Brazil: “Occupy” Movement Rolls to Rio

Inspired by the movement for real democracy and people’s power that has spread to hundreds of cities around the world, young Brazilians in Rio de Janeiro have created their own version of “Occupy Wall Street”, dubbed “Occupy Rio”.

"Occupy Rio" protesters camping out in Cinelândia square. Photo by Fabíola Ortiz. (IPS) – Inspired by the movement for real democracy and people’s power that has spread to hundreds of cities around the world, young Brazilians in Rio de Janeiro have created their own version of “Occupy Wall Street”, dubbed “Occupy Rio”.

Following in the footsteps of Spain’s “Indignados” (outraged people), about 200 young people are carrying out a peaceful protest in one of the main squares in Rio’s city centre, where thousands of people pass by every day.

Around 125 tents have been pitched in the Cinelândia square, where the city council, the municipal theatre and the national library are situated. The square has become the focal point of demonstrations criticising consumerism, social inequality and the financial system.

Dozens of placards, reading “You are free”, “Come out of your living-room-prison, your life is worth much more than a soap opera episode,” or “Transform arms into art”, express the sense of peaceful protest and freedom that has inundated the plaza since Saturday Oct. 22.

The global wave of demonstrations against the handling of the financial crisis has swept from Madrid, Barcelona and Málaga in Spain to New York, Oakland and Seattle, and on to other capitals and large cities across the globe.

Joining the global tide of protest, “Occupy Rio” is characterised by its diversity and direct democracy through decision-making by assembly.

According to 18-year-old Eduardo de Oliveira Moraes, who is involved in organising the movement’s work groups, plurality is the hallmark of the encampment.

Adopting a horizontal style of organising without hierarchies, people meet in the square for dialogue and discussion, seeking consensus, critiques or protests on widely divergent issues, including politics, economics, culture and the environment.

“We’re also protesting against corruption and all kinds of wavering in the government,” de Oliveira Moraes told IPS. He was one of the first to show up in Cinelândia square at five a.m. on Saturday Oct. 22, ready to start the demonstration.

“Everyone has their own reasons for being here. We have meetings and work group activities every day. We started off thinking we would stay for a week, but now we have no fixed date in mind to leave the square. We are here because this is where we want to be; this square is publicly owned and therefore belongs to us,” he said.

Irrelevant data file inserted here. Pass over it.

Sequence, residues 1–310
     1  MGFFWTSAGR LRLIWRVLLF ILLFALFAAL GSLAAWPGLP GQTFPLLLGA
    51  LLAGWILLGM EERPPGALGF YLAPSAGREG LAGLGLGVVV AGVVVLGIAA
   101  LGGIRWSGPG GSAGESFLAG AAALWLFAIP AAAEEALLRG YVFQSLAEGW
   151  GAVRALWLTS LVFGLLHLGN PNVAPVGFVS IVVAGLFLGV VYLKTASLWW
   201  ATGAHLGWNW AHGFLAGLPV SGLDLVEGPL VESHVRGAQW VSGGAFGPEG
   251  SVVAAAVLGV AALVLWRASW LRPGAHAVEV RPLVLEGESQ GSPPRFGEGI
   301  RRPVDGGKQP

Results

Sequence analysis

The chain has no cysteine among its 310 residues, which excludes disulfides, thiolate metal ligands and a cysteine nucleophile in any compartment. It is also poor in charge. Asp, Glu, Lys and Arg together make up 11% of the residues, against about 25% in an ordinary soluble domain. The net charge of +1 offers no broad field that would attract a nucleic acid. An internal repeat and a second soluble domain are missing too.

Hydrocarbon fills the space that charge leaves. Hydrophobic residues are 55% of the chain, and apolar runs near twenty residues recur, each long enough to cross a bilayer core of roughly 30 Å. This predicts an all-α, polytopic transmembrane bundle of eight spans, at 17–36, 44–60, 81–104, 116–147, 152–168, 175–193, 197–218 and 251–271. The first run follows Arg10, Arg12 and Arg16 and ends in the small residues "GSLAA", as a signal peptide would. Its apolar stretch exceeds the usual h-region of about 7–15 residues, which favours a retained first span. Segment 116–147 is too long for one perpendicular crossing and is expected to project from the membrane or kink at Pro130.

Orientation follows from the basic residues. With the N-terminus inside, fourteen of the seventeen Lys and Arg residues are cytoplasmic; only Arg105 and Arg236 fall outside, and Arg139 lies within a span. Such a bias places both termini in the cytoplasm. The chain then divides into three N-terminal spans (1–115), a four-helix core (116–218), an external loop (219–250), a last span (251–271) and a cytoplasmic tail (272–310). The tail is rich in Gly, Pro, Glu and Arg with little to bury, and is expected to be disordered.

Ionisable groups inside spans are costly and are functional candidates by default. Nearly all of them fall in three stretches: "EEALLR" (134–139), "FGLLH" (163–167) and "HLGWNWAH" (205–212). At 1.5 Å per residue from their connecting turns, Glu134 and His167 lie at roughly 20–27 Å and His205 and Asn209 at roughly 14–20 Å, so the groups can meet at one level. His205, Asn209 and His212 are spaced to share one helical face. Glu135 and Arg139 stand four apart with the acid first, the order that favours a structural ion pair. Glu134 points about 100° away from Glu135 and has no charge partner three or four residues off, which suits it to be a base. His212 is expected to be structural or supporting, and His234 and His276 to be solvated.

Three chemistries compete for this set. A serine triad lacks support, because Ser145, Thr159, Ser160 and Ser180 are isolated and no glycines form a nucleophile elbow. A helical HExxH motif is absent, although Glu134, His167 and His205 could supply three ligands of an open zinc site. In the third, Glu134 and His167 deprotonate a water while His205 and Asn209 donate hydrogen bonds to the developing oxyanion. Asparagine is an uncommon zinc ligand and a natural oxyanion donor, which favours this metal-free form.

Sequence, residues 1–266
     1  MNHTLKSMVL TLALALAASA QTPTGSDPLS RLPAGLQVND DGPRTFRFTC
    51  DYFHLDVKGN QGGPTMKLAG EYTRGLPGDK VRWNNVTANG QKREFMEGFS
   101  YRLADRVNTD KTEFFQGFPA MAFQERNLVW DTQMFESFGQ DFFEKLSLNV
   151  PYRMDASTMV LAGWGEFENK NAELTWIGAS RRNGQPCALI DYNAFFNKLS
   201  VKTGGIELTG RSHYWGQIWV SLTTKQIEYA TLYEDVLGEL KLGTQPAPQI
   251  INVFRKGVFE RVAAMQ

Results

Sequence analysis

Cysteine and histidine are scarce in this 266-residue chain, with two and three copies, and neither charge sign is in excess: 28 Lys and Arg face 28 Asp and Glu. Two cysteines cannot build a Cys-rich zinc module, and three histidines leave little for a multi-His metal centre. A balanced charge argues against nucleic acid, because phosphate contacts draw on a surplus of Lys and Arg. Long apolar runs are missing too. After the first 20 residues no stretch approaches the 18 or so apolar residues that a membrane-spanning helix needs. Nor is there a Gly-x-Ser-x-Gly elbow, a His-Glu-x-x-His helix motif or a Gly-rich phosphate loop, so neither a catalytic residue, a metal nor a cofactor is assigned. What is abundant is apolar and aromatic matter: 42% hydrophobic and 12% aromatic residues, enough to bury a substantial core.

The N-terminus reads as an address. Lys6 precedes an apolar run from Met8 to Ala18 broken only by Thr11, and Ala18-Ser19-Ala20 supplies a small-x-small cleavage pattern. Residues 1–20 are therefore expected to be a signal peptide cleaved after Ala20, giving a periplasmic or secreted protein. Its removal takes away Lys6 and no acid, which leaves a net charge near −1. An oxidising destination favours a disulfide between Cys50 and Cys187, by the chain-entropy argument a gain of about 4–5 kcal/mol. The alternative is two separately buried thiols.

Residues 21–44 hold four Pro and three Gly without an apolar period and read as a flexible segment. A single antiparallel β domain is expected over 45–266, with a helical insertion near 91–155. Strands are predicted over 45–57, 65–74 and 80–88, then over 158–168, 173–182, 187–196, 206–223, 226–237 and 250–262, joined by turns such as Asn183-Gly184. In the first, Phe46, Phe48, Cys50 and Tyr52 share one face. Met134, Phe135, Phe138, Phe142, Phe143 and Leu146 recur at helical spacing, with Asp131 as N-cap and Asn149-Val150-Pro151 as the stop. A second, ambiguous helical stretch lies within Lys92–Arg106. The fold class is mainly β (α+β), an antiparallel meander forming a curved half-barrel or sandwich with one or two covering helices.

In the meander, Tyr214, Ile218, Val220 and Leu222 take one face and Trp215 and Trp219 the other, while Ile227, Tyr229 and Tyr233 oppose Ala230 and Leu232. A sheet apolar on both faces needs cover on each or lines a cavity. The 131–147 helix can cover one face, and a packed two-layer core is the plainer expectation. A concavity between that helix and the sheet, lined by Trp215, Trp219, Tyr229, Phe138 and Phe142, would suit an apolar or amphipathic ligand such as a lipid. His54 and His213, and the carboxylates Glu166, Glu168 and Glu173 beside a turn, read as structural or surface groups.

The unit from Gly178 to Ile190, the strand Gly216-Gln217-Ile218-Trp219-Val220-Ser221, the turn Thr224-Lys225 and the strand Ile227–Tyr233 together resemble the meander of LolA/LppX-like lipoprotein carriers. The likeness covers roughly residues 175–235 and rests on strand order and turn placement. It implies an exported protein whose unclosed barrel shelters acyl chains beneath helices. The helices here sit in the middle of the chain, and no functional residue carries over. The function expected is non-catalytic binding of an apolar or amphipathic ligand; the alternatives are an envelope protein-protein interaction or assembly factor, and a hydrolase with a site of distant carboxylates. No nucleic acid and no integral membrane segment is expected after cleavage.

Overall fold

The “Occupy Rio” movement is debating global issues like the financial crisis. But it is also discussing local political issues, while building bridges with local movements in the “favelas” or shanty towns, which are organising against forced evictions caused by the preparations and public works for the 2014 football World Cup and the 2016 Olympics, to be hosted by this city.

Also on the movement’s agenda are the social and environmental impacts of hydroelectric dams in the Amazon jungle, like the Belo Monte project.

Although there are no leaders and the watchword is self-organisation, a great deal of organising is necessary to keep the camp functioning. The group of about 200 protestors share the essential jobs like cleaning, security, and planning timetables for workshops and meetings, they explained to IPS.

Food is provided by members of the camp themselves, or donated by city centre restaurants.

“The movement’s self-organisation is not easy; everything is done by consensus. We are having some difficulties these days because of rain in the city, but there is no shortage of food. People have been very supportive and have given us tarpaulins and electricity generators,” 41-year-old Ronald Stresser told IPS.

The occupation of Cinelândia square will continue indefinitely, said Stresser, who emphasised that new people are arriving every day, joining in solidarity with the movement, “leaving their prejudices behind and taking part in the debates.”

The activist said the global wave of protests is a result of the dissatisfaction and outrage people feel in an increasingly globalised and consumerist world.

“The origin of the problem is our consumer society, and now that there are seven billion people in the world, the situation has become unsustainable,” Stresser said, adding that it was time to raise global awareness on the need for social changes.

“The common goal is to build a better world for everyone. And it’s possible. The movement has already swept across many cities worldwide. We are getting stronger all the time,” he said.

In Rio the movement has met with no opposition from the police, who have apparently gotten used to the presence of the demonstrators in the square.

Twenty-seven-year-old Krishna Pada told IPS that the movement’s weapon of protest is poetry. “We are making poetry with our actions and our words. We are dedicated to self-improvement, and what matters is what each of us can contribute. The world that is controlled by money does not represent us,” he said.

Wander Ferreira, a 28-year-old philosophy student, joined the sustainability group and looks after neglected flowerbeds in the city centre.

“There are many neglected corners of the city centre that we are fixing up, or converting into urban vegetable gardens to grow our own food. It’s very gratifying work; this is a unique experience in my life, and in all our lives,” he said.